As a result of the government of Canada tabling five treaties on intellectual property law in the House of Commons on January 27, 2014, the government has initiated the process to make the provisions of these treaties part of Canadian law. Legislation to implement the necessary changes to theTrade-marks Act, Industrial Design Act and Patent Act can be expected as early as March.
While Canada's intellectual property laws have undergone significant change in the last several years, implementation of these five treaties will likely have a greater impact than the changes that have taken place since 2000. As Winston Churchill observed: The pessimist sees difficulty in every opportunity. The optimist sees opportunity in every difficulty." While the transition will not be without difficulty, it presents a significant opportunity for Canadian business.
Three of the treaties deal with trade-marks: namely the Madrid Protocol, the Singapore Treaty, and the Nice Agreement. The Madrid Protocol establishes an international system for filing trade-mark applications in several jurisdictions at once. Once the mark is registered, changes, such as changes in ownership, can also be addressed in a single filing. At present Canadian businesses must file separately in each jurisdiction in which it seeks protection. The Singapore Treaty seeks to bring the practice and procedure of the trade-marks offices in each country that joins in line with a common standard. While in the short term this will mean learning a new system, in the long run it will mean less time and effort spent dealing with differences among relevant offices. The Nice Agreement is a standardized system for classifying wares and services that should simplify searching for relevant trade-marks and preparation of applications. Adoption of the Nice Agreement for classification is a prerequisite for participation in the Madrid Protocol and the Singapore Treaty.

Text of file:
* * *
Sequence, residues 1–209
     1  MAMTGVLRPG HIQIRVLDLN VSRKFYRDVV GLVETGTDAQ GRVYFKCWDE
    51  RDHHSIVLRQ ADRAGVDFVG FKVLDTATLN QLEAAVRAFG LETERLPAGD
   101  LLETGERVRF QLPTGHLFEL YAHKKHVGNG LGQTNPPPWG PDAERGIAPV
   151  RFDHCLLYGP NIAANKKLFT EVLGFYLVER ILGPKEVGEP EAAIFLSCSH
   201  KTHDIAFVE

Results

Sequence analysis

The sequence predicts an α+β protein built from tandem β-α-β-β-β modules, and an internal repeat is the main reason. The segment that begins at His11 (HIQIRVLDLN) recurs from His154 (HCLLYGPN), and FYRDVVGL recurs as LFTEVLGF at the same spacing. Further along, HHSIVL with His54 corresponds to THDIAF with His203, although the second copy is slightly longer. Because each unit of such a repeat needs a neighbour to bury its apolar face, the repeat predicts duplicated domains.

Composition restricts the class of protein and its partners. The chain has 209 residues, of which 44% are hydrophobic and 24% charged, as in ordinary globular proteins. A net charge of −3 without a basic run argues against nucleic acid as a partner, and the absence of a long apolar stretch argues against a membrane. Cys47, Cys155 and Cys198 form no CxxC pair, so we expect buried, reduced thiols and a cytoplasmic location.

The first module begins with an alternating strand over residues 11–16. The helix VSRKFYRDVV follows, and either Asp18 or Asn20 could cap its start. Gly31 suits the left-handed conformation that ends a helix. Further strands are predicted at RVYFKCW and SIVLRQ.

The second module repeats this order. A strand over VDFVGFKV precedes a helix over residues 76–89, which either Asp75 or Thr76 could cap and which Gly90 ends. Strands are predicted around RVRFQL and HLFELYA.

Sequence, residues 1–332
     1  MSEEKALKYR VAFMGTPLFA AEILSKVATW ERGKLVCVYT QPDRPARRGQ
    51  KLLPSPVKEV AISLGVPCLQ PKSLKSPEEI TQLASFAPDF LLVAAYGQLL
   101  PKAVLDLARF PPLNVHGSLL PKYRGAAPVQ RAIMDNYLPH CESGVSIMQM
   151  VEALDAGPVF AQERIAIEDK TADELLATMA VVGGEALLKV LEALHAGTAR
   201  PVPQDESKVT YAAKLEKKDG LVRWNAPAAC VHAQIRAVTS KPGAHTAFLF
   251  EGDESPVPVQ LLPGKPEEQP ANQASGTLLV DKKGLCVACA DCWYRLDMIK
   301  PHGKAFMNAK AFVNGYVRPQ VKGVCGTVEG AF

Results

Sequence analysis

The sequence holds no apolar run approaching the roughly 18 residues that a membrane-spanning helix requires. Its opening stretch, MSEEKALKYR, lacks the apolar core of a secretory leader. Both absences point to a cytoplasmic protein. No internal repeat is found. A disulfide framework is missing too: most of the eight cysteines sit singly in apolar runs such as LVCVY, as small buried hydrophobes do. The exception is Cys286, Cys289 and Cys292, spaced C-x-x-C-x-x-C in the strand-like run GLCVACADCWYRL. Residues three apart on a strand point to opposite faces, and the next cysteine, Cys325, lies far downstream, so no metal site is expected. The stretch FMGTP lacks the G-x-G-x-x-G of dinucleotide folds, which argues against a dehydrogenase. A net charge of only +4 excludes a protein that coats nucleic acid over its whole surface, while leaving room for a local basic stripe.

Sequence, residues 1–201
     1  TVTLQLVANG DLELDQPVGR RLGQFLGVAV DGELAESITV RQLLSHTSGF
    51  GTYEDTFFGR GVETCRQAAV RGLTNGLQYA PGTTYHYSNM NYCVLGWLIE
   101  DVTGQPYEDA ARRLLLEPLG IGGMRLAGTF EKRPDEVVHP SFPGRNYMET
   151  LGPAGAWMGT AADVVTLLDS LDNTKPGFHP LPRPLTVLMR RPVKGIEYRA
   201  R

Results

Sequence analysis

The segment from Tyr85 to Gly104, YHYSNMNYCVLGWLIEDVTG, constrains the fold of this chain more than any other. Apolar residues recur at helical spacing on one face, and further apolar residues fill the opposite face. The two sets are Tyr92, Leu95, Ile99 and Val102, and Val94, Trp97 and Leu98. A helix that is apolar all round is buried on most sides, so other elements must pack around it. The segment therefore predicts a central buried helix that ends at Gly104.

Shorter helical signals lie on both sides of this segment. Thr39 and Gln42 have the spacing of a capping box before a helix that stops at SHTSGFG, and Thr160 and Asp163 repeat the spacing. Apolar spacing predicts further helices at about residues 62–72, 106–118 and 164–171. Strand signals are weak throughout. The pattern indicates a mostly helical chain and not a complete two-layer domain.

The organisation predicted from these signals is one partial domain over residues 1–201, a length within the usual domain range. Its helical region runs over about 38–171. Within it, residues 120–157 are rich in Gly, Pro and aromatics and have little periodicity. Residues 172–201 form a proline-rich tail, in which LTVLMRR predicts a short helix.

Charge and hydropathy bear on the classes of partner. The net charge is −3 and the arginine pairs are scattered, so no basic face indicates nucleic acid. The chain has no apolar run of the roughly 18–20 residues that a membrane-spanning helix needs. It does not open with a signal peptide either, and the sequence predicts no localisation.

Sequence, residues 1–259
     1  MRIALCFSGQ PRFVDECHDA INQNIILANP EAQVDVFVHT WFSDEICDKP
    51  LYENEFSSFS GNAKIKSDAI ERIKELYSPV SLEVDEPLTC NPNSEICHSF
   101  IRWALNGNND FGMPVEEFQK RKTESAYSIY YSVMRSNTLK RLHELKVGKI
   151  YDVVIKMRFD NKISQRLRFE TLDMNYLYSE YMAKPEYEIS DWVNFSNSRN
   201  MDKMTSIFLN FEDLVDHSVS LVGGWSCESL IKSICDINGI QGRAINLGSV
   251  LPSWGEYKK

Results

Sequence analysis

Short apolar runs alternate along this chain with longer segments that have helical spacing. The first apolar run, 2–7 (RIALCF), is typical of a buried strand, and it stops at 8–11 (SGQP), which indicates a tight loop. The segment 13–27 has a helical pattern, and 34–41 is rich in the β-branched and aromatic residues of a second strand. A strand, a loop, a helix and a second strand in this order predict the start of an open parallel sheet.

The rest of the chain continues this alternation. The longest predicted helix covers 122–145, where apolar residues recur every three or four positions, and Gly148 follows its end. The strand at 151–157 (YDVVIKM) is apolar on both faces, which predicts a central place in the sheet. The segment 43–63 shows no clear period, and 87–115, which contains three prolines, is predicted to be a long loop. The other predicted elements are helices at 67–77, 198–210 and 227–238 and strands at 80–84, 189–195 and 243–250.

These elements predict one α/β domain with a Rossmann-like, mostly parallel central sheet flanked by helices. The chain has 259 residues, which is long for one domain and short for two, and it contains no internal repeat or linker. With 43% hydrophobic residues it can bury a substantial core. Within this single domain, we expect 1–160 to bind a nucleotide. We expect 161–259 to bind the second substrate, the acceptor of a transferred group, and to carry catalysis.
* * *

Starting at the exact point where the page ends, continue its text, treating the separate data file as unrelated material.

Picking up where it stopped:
The fourth treaty, the Geneva Act of the Hague Agreement establishes a system for the international registration of industrial designs (which corresponds to a design patent in the United States). In this it is similar to the Madrid Protocol for trade-marks and the Patent Cooperation Treaty system presently in force in Canada for patents.
The fifth treaty, the Patent Law Treaty, corresponds in its intent to the Singapore Treaty for trade-marks, and aims to bring patent law practice of member states in line with a common standard. Again, while in the short term it will mean learning a new system to prosecute Canadian patent applications, it will also mean that the differences between patent offices should diminish over time.
The greater uniformity of international intellectual property laws and registry systems should reduce the logistical challenges and cost of maintaining an international intellectual property portfolio. This is the opportunity. Once Canada implements these treaties, it will of course remove a barrier to foreign businesses protecting their intellectual property in Canada. This is the difficulty. Both the opportunity and the difficulty will need to be addressed by fresh thinking, and long-standing business processes will have to change. Planning for these changes will position a business to compete effectively. Regardless, change is coming, and businesses will fall into one of two categories: those that manage the change, and those that have it thrust upon them.